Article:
“Warner Bros. was just not a good place for rhythm & blues records,” he said. “But I did one good thing. Kelly Gordon brought me a song called ‘That’s Life.’ He wanted to record it himself. I told Kelly, ‘That is a song for Frank Sinatra.’ I went next door to Mo Ostin and said, ‘Mo, this is for Mr. Sinatra’—Frank was my hero—and played it for him. Mo said, ‘You’re right—that’s for Frank.’ Two days later, I get a buzz on the intercom. It’s Mo. He says, ‘Russ, are you sitting down? Frank’s gonna do it. Jimmy Bowen’s gonna produce it and Ernie Freeman’s gonna arrange it.’

“I went to the session—two takes and it was over. It was one of the greatest nights of my life. I’m running the R&B company, right? R&B stations went for it! That was the only record Frank Sinatra ever had that went #1 R&B [at Cashbox], and #4 pop.”

Russ was ambitious, and there were so many talented people at Warners ahead of him on the executive ladder, he didn’t see himself moving up any time soon.

“I was at Warners for about a year when I got an offer from Ned Tanen at Universal to be national promo director for Uni Records, a new label. Lew Wasserman had allocated a million dollars for the label, and they had gone through $900,000. Ned said, ‘You’ve got $100,000 left. Do you think you can do it?’ I said yes.

“I was there for about two months without a hit. Finally, we released ‘Acapulco Gold’ by The Rainy Days, which came to us from Dave Diamond, a famous disc jockey at KROQ [AM]. It took off like a rocket ship until [tip-sheet king] Bill Gavin pointed out that Acapulco Gold is a high-grade form of marijuana. Gavin says we’re advertising the drug every time that record gets played. That killed the record in its tracks.

“Then Dave tells me he’s getting calls for a record called ‘Incense and Peppermints’ by The Strawberry Alarm Clock. I bought it for $2,500 and it went to #1. I traded it for ‘Baby Now That I’ve Found You’ by The Foundations, and that led to ‘Build Me Up Buttercup,’ another #1.

“So now all of a sudden I’m the hot guy. I get a call from Ned saying, ‘Do you like Neil Diamond? He’s available.’ We signed Neil, and his first couple of records didn’t do that well. But then we had ‘Brother Love’s Travelin’ Salvation Show,’ ‘Sweet Caroline’ and ‘Cracklin’ Rosie,’ and Neil became a superstar.”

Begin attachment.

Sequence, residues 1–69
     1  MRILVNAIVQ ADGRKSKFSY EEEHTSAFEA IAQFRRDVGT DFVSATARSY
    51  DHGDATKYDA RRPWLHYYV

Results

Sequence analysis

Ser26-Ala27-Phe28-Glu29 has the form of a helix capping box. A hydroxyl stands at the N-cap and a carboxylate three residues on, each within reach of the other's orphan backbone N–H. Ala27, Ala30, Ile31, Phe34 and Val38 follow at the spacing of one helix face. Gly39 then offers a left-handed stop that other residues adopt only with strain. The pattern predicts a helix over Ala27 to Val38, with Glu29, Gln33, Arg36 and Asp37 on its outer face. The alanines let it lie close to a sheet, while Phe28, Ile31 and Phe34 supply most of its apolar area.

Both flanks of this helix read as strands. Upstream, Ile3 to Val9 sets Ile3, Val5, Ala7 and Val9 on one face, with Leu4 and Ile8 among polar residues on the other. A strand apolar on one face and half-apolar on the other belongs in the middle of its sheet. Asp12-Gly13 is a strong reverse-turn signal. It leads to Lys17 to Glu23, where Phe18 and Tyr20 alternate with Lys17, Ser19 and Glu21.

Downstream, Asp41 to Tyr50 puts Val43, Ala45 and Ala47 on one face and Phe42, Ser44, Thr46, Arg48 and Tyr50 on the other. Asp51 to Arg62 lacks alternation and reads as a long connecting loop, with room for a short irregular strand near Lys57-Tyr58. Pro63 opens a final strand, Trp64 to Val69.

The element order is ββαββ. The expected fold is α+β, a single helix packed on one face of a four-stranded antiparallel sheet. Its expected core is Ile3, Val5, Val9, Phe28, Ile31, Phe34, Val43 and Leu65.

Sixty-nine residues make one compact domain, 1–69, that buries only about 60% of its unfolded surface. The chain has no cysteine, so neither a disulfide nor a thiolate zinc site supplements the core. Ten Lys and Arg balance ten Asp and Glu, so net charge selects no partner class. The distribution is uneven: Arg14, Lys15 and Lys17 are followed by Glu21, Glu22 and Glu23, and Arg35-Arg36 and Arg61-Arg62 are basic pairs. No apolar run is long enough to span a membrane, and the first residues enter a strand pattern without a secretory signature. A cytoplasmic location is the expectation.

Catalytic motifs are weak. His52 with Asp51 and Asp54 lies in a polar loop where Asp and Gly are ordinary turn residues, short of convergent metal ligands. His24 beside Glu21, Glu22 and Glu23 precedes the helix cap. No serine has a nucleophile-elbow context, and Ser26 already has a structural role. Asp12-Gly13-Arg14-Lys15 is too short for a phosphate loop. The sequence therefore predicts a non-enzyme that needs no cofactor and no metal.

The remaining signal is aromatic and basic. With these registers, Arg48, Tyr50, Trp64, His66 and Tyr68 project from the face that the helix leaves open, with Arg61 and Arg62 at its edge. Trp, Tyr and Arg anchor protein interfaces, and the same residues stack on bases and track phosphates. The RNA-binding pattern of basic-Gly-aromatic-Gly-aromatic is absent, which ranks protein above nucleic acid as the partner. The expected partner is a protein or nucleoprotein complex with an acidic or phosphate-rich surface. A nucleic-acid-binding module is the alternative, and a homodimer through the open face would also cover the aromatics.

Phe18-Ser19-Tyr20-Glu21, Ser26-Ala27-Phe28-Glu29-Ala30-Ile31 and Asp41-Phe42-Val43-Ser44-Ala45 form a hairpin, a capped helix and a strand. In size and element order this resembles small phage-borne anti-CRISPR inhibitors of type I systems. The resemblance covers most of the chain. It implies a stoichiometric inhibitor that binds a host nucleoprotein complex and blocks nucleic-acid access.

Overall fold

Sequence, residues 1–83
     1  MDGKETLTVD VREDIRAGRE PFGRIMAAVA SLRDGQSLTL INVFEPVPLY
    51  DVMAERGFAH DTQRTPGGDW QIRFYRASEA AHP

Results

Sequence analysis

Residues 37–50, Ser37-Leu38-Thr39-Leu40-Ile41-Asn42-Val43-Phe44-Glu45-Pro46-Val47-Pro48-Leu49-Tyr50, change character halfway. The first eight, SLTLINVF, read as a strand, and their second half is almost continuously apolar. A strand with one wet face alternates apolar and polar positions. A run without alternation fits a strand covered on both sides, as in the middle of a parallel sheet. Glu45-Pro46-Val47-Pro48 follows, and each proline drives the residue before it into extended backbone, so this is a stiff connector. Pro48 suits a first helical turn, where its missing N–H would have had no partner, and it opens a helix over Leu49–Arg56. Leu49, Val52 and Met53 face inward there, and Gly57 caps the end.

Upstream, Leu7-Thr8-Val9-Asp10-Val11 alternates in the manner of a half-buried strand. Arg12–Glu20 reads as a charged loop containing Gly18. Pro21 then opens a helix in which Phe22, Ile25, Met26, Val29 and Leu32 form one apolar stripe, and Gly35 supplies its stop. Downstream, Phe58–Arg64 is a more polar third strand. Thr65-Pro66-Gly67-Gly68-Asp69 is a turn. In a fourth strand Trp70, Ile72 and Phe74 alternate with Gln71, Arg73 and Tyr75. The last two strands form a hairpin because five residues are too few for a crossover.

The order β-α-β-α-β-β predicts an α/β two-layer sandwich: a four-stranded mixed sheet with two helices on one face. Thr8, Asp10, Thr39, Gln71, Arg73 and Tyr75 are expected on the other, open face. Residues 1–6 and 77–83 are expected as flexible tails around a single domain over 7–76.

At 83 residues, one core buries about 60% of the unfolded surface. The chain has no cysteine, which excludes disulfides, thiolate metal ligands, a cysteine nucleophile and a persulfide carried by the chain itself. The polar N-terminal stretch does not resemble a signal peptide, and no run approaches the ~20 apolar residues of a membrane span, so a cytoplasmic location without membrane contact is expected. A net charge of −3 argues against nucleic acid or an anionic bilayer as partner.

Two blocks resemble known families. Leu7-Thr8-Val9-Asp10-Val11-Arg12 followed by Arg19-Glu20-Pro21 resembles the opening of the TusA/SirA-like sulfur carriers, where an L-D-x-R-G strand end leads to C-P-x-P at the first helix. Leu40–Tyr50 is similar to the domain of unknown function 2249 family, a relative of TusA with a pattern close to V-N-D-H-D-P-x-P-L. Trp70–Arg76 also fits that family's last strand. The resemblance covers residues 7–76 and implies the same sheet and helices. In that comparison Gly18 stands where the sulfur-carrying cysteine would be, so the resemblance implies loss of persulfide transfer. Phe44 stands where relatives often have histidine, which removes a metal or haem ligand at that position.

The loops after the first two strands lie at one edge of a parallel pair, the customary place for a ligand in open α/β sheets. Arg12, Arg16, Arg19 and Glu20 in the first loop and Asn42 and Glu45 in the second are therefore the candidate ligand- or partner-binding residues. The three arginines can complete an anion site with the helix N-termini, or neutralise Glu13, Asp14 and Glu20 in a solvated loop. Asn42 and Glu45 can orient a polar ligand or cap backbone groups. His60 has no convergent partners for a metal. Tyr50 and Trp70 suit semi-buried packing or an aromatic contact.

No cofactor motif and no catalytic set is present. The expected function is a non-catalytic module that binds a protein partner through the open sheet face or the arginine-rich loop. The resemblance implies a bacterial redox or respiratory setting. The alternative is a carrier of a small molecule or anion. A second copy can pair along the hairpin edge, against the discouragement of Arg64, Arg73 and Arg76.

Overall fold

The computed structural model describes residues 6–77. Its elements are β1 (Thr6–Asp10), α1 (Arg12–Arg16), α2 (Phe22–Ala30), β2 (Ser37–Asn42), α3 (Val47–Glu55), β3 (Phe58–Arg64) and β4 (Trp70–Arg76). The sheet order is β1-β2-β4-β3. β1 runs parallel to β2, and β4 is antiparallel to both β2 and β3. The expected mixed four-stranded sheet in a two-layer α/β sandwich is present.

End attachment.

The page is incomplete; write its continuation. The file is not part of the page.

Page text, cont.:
After Russ’s fateful breakfast at the Hyatt, signing Elton John was easy; breaking him, not so much.

“It was the easiest deal of my life. They were so desperate. I was ready to go with the first album, Empty Sky. I thought we had a potential star, but not a superstar. Then I get the Elton John album. I listened to it and said, ‘Oh my God, this is incredible.’ The minute I heard it, I shut the company down—we put the phones on hold and we all listened to the album. Everybody went crazy. It was like a gift from God.

“We planned a launch campaign, which was kicked off by Elton’s performance on Aug. 25, 1970, at the Troubadour, which turned out to be one of the greatest nights in rock & roll history.

“There was an immediate buzz on Elton John in the entire business, but the public hadn’t caught on. We did OK in San Francisco, but not great in New York, where he played the Playboy Club, which was not a good venue.”

Elton’s show at the Electric Factory in Philadelphia changed all that.

“I’m at the Marriott Hotel, and I get a call from [MCA Records president] Mike Maitland’s office.” Maitland had talked with his finance department about the Elton John tour, and the MCA Controller was raging, saying, “You’re spending all this money on this trip, and you haven’t sold any records. You know what they’re calling your superstar at the [Universal] Tower? Regan’s Folly!”

Remembers Regan, “I called that guy every name in the book and I hung up on him. Rick Frio [Regan’s #2] was standing right there with me. I went next door to Elton’s room, and I told him what happened. Elton looked at me and said, ‘Tonight I’m gonna burn the city of Philadelphia down.’

“That night he took that stage with Dee Murray and Nigel Olsson—three pieces, but they sounded like 30. It was the most incredible sound. The last song he did was ‘Burn Down the Mission.’ He did that song for about 15 minutes—he was under the piano, he was on top of the piano, he was out in the audience. Everybody went berserk.

“I was so elated, I got back to my room at 2 in the morning and ordered two banana splits from room service. At 10am, the phone rings and wakes me up. It’s Sam Passamano, my branch manager, who says, ‘Russ, something happened last night. I had to wake you up. I just got an order for 5,000 albums.’”

Sam called back a few hours later and again woke Russ, who again didn’t mind at all. An order for another 5,000 had come through. Russ says, “Now it’s 1:15pm, which is 10:15 L.A. time. I called Maitland and said, ‘Tell all those assholes up there that Regan’s Folly is coming back.’”

Regan was again accused of folly when he poured resources into promoting the debut record of young Australian thrush Olivia Newton-John. “I thought we had a hit,” Russ recalled. “They thought I was crazy. They said, ‘She’ll never make it. She’s too beautiful and too plastic.’ I said, ‘We’re gonna bring plastic back.’”